By Islam El Shazly
Photography by Islam El Shazly

How many times have you ever been in a situation where all of a sudden you or someone around you needed urgent emergency medical assistance but there was no one to help, because no one had a clue how to save or help that person? I know I’ve been there at least a couple of times!

Alder Trail

The trail head sign for Alder trail at Bragg Creek Provincial Park in Alberta during our first field day.

Accidents and emergency situations are a fact of daily life, everything and anything at any given time can be potentially harmful; even something that is completely benign to you might be lethal to someone else, and if you are not prepared the worst case scenario is more than likely to occur.

Tarp shelter

My team’s cosy quick emergency shelter built with a tarp, a couple of triangulars, some branches, and a hiking pole. Great in a pinch!

Last month I had the opportunity to attend –and get certified in — the Adventure Medic course offered by Rocky Mountain Adventure Medicine. The course teaches Wilderness First Aid, which, as the name implies, deals mostly with first aid in remote locations, where you are at least an hour away from “definitive medical care,” be it on a safari in the jungle or desert, a hiking or mountaineering expedition, or even just at your work place that happened to be removed from civilisation.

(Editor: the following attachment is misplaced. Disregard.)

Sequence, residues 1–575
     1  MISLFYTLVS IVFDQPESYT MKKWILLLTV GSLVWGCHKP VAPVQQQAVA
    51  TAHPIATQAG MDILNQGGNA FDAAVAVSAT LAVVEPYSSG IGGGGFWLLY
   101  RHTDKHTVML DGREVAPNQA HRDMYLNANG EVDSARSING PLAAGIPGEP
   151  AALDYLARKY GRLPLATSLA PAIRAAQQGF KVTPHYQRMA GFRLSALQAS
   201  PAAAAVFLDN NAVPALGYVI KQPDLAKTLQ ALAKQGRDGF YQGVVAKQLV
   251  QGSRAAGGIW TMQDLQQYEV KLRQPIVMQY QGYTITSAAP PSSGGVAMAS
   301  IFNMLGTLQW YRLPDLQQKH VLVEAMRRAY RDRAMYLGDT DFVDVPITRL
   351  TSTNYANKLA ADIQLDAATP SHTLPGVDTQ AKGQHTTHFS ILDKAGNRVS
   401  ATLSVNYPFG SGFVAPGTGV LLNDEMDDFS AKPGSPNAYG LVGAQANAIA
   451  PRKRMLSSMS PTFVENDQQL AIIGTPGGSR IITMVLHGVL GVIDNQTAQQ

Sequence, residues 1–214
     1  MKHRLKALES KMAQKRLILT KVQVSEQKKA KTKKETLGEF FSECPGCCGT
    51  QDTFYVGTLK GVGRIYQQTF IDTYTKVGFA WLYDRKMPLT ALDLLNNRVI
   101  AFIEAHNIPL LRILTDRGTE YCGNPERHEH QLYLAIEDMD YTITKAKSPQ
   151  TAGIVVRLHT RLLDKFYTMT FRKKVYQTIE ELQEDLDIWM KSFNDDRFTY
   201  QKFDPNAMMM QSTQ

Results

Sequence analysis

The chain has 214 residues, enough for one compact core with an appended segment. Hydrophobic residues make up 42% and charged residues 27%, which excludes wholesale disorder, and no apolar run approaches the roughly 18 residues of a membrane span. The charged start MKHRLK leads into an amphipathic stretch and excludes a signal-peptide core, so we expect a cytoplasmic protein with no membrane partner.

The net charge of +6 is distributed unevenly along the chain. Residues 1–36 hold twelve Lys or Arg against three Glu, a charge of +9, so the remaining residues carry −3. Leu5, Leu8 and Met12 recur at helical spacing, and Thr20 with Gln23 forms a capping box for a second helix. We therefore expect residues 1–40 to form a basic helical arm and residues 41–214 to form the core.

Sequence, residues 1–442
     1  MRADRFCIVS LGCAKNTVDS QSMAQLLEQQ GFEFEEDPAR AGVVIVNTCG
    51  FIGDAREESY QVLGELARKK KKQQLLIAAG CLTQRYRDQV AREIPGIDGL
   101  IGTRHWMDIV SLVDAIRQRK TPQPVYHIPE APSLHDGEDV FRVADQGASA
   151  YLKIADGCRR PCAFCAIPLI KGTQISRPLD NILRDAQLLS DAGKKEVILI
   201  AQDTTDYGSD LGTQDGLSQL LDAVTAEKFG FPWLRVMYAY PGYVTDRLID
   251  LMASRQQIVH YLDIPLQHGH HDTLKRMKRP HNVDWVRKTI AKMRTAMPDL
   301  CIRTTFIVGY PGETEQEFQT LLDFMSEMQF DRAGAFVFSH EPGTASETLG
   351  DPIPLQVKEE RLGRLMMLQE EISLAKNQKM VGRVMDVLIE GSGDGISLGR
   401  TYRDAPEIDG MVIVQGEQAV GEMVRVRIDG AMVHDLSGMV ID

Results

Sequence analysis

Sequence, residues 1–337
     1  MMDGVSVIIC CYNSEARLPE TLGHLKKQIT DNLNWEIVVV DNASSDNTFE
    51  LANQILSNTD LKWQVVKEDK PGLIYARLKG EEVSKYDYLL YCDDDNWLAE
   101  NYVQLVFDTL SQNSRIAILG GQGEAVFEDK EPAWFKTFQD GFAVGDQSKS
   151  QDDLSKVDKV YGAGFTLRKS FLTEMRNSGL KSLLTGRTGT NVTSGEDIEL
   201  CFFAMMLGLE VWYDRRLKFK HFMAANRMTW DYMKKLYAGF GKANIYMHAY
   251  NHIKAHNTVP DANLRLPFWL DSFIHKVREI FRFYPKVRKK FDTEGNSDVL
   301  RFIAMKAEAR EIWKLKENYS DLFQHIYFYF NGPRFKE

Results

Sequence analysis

What we learned in the course and the field training was eye-opening to say the least.

First Aid Kit

My first aid and trauma kit, this one is large enough for a small group or a single family on a small day trip or weekend excursion.

CPR, AED, and extreme emergency medical procedures have become part of our daily lives, thanks for the most part to Hollywood and all those medical and police procedurals. The scary thing is that some of these practices, as we came to learn in the course, are quite misleading, and can be borderline dangerous if performed by anyone, while others are just simply comic in their absurdity.

There’s the magic thump on the chest of an unconscious, un-breathing victim accompanied by a loud “breath #$%dammit” or “I love you”, and it’s enough to bring them back; and there’s the dramatic “Bic tube” through the throat to clear an airway; and if that’s not enough, cutting open an area bitten by a venomous snake to suck-and-spit the poison!!!

My all time favourite has got to be the Hulk roaring at an-almost-dead Iron Man and bringing him back…

A thick canopy

My view while lying down during one of the many training scenarios on our second field training day. It was my turn to be practised on!

That said, knowledge is everything, and being prepared could help you save a life one day. Being able to stand out in the crowd in the site of an incident and say “I know first aid; I can help” could mean the difference between life and death for someone; and the satisfaction of just being able to help is priceless.

So here’s a tip, find out where you can get a first aid course in your area and join the class and be prepared; you never know when you will need to save somebody.

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